The following series is a visual experiment in the comparative movement of fluids across different spatial visualizations. From celestial currents to earthly bodies, we explore the transmutation of water, wind, vapor, soil, bone, and brain. Each post captures the movements between interior and exterior spaces through entities that often escape categories of fluidity, yet fulfill imaginations of fluidity. The objects include circles of wind, fire, water (Huntington), depleting reservoirs (Venkat), water veins and mineral mining (Ballestero), and bone marrow in the brain (Li). 

“Oceans of the Wheel of Time” by Eric Huntington // This top-down view of the cosmos of the Buddhist Wheel of Time depicts a remarkable arrangement of two concentric oceans in order to integrate two disparate conceptual systems. Cosmologically, this world comprises successively denser circles of elements towards the center, with a circle of wind depicted at the edge (green ring), a circle of fire inside that (red ring), a circle of water inside that (large blue disc with patterned waves), and a circle of earth inside that (blue circle without waves). Geographically, this disc of earth is equated with the various continents of the world (triads of geometric shapes in white, blue, red, and yellow), and so a problem arises. Continents are surrounded by oceans, not a circle of earth. Consequently, the layer of earth is depicted with a blue disc of ocean imagined atop it, even though paradigmatically the elemental layer of earth is depicted in yellow. Image source: Wheel of Time cosmos mural.  20th–21st centuries. Entrance veranda to main assembly hall, Punakha Dzong, Punakha, Bhutan (photograph by Eric Huntington)

“The Disappearance of Puzhal Lake” by Bharat Jayram Venkat  // “The empire of climate is the first of all empires.” – Montesquieu // Hydrating an empire is no easy task. In 1876, the colonial government in India built a 500-million-cubic-foot reservoir to supply water to the city of Madras. This imperial reshaping of India established the grounds—I should say, the waters—for governing what Montesquieu might have thought of as our contemporary “empire of climate.” Today, the city of Chennai (the erstwhile Madras) draws most its water from reservoirs fed by the seasonal rains. What you see above is a composite image of that colonial reservoir, Puzhal Lake, with individual photographs taken by a NASA observation satellite on May 31, 2018 and just a year later, on June 19, 2019. At the time the second image was taken, the reservoirs that hydrated Chennai were at less than one percent of their total capacity. What do these images reveal? The disappearance of Puzhal Lake became for many a potent sign of climate change in India, the result of devastating heatwaves and monsoons that came too feebly, or too late. What don’t these images reveal? The depletion of groundwater by the digging of ever deeper wells.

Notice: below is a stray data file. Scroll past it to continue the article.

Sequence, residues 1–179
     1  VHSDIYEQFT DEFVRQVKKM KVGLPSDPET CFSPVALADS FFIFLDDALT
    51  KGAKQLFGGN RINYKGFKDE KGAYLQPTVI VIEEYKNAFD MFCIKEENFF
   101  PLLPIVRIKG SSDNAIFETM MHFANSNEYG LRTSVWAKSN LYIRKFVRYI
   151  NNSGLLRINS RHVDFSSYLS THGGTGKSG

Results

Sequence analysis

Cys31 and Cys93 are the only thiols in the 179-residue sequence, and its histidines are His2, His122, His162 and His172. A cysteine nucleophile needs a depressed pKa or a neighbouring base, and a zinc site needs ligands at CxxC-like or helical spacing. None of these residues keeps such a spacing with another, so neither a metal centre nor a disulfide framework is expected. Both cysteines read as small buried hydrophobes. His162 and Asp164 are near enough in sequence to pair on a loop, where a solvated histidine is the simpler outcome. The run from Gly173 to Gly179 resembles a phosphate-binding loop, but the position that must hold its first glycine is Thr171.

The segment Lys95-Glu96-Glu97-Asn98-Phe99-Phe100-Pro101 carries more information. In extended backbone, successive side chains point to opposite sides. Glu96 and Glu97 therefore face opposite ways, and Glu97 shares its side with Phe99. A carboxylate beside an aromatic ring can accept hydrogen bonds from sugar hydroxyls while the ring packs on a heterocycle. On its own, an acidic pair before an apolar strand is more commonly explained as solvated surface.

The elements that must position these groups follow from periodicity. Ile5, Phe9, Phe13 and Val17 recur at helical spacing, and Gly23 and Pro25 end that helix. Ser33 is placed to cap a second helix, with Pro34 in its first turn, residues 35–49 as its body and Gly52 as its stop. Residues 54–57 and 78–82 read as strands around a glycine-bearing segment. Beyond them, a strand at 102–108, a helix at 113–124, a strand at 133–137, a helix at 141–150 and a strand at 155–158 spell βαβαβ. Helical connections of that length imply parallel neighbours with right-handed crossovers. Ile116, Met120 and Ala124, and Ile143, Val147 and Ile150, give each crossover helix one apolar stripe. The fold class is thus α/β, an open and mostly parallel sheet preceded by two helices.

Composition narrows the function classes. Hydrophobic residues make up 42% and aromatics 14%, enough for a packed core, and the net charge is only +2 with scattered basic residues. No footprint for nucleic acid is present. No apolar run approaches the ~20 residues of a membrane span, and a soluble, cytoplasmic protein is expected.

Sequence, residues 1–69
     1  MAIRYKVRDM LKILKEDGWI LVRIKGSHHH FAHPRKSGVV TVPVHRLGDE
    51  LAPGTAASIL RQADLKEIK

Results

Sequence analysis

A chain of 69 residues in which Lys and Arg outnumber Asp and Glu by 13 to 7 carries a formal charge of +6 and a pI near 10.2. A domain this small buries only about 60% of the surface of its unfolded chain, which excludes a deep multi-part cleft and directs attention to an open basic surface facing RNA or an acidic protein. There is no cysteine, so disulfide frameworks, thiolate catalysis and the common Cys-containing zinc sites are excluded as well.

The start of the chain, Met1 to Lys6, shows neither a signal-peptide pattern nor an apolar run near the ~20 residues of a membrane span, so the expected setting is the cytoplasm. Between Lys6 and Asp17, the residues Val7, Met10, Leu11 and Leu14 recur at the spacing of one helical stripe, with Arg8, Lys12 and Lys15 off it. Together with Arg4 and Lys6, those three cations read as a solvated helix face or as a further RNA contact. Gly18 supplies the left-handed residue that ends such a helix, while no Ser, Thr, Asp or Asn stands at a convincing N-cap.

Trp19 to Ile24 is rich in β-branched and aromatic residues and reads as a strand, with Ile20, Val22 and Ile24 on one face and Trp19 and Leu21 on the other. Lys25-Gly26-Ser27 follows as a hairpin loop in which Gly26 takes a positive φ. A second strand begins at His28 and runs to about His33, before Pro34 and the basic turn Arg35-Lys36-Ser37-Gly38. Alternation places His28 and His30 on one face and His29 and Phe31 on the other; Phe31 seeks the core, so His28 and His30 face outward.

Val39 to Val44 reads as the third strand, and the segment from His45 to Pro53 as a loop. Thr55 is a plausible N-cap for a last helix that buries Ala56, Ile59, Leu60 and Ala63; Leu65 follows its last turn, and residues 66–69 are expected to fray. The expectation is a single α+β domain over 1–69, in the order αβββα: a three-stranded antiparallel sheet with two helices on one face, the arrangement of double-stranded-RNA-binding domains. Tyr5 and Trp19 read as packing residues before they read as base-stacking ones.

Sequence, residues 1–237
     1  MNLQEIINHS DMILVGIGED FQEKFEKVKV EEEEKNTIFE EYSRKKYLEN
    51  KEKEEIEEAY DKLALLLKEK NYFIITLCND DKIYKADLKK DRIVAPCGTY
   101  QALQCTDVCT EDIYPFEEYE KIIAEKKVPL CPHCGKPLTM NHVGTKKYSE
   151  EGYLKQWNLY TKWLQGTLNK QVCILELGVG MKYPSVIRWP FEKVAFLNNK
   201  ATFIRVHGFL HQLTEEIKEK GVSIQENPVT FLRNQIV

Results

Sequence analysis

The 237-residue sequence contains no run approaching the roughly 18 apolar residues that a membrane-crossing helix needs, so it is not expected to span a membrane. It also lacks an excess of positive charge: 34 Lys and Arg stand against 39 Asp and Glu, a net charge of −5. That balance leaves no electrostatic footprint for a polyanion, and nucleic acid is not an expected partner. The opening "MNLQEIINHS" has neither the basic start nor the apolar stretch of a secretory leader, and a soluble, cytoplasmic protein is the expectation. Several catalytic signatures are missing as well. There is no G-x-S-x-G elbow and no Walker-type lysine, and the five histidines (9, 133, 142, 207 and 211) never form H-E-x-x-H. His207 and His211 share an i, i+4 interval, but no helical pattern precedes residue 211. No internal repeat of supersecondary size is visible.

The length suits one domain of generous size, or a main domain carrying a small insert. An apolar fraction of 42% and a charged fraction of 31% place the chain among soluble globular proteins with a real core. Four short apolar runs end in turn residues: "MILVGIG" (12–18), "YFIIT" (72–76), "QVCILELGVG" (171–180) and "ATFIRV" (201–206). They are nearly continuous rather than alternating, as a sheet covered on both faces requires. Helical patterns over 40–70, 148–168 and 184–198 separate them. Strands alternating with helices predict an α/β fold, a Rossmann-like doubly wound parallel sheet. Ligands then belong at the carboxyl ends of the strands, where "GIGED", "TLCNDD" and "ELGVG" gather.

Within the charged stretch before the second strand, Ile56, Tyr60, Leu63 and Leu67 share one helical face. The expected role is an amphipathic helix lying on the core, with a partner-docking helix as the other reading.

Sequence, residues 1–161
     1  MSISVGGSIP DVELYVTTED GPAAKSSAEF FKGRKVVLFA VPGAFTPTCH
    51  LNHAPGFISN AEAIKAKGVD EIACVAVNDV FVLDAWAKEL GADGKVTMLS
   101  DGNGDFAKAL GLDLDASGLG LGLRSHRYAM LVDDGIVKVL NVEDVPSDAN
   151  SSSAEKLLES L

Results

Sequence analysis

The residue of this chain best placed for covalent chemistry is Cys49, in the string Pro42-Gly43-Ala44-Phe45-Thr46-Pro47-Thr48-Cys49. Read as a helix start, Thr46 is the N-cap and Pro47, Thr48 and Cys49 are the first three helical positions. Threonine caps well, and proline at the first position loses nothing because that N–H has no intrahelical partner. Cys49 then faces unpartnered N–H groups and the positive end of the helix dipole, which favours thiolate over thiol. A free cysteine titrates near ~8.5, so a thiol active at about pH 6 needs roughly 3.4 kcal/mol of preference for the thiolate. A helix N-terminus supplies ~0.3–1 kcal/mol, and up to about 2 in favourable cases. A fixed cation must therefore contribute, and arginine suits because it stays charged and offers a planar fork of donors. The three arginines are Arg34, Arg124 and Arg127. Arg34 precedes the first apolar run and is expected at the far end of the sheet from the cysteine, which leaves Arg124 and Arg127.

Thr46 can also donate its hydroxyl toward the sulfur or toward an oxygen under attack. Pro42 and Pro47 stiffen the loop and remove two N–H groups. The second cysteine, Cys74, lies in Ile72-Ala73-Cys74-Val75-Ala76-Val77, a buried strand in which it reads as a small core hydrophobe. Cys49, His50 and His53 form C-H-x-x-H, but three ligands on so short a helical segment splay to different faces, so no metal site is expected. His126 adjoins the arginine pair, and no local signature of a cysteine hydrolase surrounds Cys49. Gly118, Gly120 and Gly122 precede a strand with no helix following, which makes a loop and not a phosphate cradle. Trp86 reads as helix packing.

“Hydrolithic Aquifers” by Andrea Ballestero // Aquifers are the movement that the encounter of water with rock makes possible; they are the seepage that their push and pull effects. Privileging movement, the difficult and never frictionless encounter between water and stone confounds our capacity to distinguish between figure and ground. Most people in Costa Rica do not think of underground water as movement. They rather speak of aquifers as underground water veins. One precursor of the idea of a water vein is located in colonial times when Europeans combined Christian beliefs with mining endeavors. Matching the language of mineral mining with a particular appreciation of the body as a theological substrate resulted in the widespread idea that gold and silver are to be found in veins under the surface. Rather than taking rock and water as distinct elements, aquifers push us to keep them together and to ask how doing so redefines what we consider as elemental. What if rather than imagining substances, we considered elemental choreographies? Image source: The interconnectedness of subterranean water as imagined by Anathasius Kircher in Mundus Subterraneus (1665)

“Ocean of Bone” by Lan A. Li // It looked like a brain. Only, it was not a brain. The pocket of space in the head pinched at the tip and stretched through the spine. Only, it was not the spine. The image, titled Zang Fu Mingtang Tu 臟腑明堂圖, suggested an interior view of the body filled with structures that were solid and soft, firm and fluid. This version of the body’s interior was resized and reprinted in Beijing in 1956. Despite its vague genealogy, this Zang Fu Mingtang Tu 臟腑明堂圖 was often associated with either a set of meridian maps from the early fourteenth century, or with an even earlier set of Inner Canon (neijing 內經) or Inner Vision (neijing 內景) treatises. The inscriptions in the head read: “The ocean of Yin bone marrow penetrates all the way down” 髄海至隂之在通尾骶. So, inside the head/brain through the spine/back was bone marrow. More specifically, this was stuff in the head that moved around while being guarded and guided by Yin. This image of a solid and soft, firm and fluid interior of the body might seem familiar. It showed many different kinds of things in motion. Like neo-Hippocratic bodies from the medieval and early modern period, this was an expressive body upon which one could make impressions and initiate movement. Image source: Zhenjiu Jicheng 針灸集成 (Beijing: 人民卫生出版社影印 People’s Health Press, 1956.)